US bank failure tally hits 99 for 2009; FDIC fund in the red


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But your money is absolutely safe and secure. Oh, wait a minute:
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NEW YORK (AP) – Regulators shut down San Joaquin Bank in California on Friday, marking the 99th failure this year of a federally insured bank.

The Federal Deposit Insurance Corp. was appointed receiver of San Joaquin Bank, based in Bakersfield, Calif. It had $775 million in assets and $631 million in deposits as of Sept. 29.

The FDIC said the bank’s deposits will be assumed by Citizens Business Bank, based in Ontario, Calif. Its five branches will reopen Monday as branches of Citizens Business Bank.

San Joaquin Bank’s failure is expected to cost the FDIC’s insurance fund $103 million.

(The mantra:)
Depositors’ money is not in danger. The FDIC is backed by the government, and deposits are guaranteed up to $250,000 per account.

But the deposit insurance fund has fallen into the red. The FDIC board recently proposed to have U.S. banks prepay about $45 billion of their insurance premiums – three years’ worth.

That plan isn’t a long-term remedy for the depleted fund. But it would spare ailing banks the immediate cost of an alternative idea: paying an emergency fee for the second time this year. And the FDIC still has billions in loss reserves apart from the insurance fund.

The 99 bank failures this year compare with 25 last year and three in 2007. It’s the highest number in a year since 1992 during the savings-and-loan crisis, when 120 institutions collapsed. Closures peaked during that crisis in 1989, when 534 banks were shuttered.

The most severe financial crisis since the 1930s has hit banks large and small. With unemployment rising, consumer spending slack and businesses shuttered, experts say up to 400 more banks could fail in the next couple of years.

The 99 failures may not fully reflect the depth of banks’ travails. Many more banks – perhaps hundreds – are so weak they could have been shut down already, experts say. Many vulnerable banks are in limbo. Regulators have threatened to close them unless they shore up their balance sheets, but the recession has made it difficult to raise capital or sell assets.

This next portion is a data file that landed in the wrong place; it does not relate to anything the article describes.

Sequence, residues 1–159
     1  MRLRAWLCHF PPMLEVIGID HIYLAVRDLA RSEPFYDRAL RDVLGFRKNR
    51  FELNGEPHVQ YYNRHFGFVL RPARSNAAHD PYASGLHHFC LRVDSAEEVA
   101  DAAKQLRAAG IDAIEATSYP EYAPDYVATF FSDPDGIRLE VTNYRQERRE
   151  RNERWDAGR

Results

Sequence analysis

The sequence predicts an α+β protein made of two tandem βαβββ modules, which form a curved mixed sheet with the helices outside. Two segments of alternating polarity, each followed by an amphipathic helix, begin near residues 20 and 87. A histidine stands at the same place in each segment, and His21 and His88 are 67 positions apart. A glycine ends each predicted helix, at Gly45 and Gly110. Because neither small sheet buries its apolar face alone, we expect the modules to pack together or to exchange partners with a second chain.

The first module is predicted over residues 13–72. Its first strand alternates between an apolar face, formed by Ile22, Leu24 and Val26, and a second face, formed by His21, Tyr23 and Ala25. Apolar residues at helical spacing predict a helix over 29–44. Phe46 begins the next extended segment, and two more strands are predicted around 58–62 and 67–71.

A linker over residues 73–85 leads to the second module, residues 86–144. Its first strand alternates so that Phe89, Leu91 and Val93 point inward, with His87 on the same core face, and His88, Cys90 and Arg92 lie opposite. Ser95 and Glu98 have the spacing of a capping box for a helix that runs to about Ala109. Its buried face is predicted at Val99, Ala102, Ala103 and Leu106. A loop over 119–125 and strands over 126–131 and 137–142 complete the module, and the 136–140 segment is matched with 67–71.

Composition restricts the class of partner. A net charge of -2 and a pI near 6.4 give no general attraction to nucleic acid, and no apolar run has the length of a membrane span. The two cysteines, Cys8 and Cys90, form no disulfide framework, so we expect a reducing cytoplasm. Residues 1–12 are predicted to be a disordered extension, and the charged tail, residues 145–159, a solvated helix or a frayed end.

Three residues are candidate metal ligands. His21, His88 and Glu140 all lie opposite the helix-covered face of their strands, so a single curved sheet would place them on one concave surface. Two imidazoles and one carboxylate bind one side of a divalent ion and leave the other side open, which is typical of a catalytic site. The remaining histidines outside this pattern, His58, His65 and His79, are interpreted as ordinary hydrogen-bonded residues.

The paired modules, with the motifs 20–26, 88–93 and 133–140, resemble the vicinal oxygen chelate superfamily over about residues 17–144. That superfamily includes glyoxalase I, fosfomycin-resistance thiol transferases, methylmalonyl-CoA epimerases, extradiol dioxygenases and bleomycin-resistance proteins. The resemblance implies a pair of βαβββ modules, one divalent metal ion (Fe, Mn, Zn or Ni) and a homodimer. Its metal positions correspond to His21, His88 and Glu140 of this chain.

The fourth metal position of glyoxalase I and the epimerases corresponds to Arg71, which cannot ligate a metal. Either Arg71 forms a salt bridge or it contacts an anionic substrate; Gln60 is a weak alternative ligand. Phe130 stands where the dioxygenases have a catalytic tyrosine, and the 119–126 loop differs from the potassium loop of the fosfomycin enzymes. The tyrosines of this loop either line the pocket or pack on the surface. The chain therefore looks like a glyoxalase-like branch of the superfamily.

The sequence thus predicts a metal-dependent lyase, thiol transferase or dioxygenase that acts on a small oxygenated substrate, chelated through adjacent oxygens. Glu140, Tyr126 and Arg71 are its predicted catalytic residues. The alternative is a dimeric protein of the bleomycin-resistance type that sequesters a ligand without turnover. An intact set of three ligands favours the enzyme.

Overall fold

The number of banks on the FDIC’s confidential “problem list” jumped to 416 at the end of June from 305 in the first quarter. That’s the most since June 1994. About 13 percent of banks on the list generally end up failing, according to the FDIC.

Banks have been especially hurt by failed real estate loans. Banks that had lent to seemingly solid businesses are suffering losses as buildings sit vacant. As development projects collapse, builders are defaulting on their loans.

Many of the banks that have failed since the pace accelerated late last year have been small community banks, with less than $1 billion in assets. Failures have been especially concentrated in Georgia, California and Illinois.

Many smaller banks were felled by losses on ordinary loans amid the souring economy, tumbling home prices and spiking unemployment. These loans contrasted with the complex securities favored by Wall Street investment banks that triggered the financial meltdown and global economic crisis.

But some of the failures, both this year and last, have been huge institutions. Seattle-based thrift Washington Mutual Inc. fell in September 2008 with about $307 billion in assets, the largest U.S. bank failure ever. JPMorgan Chase & Co. acquired it for $1.9 billion in a deal brokered by the FDIC.

California lender IndyMac Bank, shut down in July 2008, was the costliest failure for the insurance fund – an estimated $10.7 billion loss.

In August, Montgomery, Ala.-based Colonial Bank, a lender in real estate development, became the biggest U.S. bank to fail this year and the sixth-largest in U.S. history, with about $25 billion in assets. It’s expected to cost the fund about $2.8 billion.

Oct 17, 12:47 AM (ET)

Source: AP

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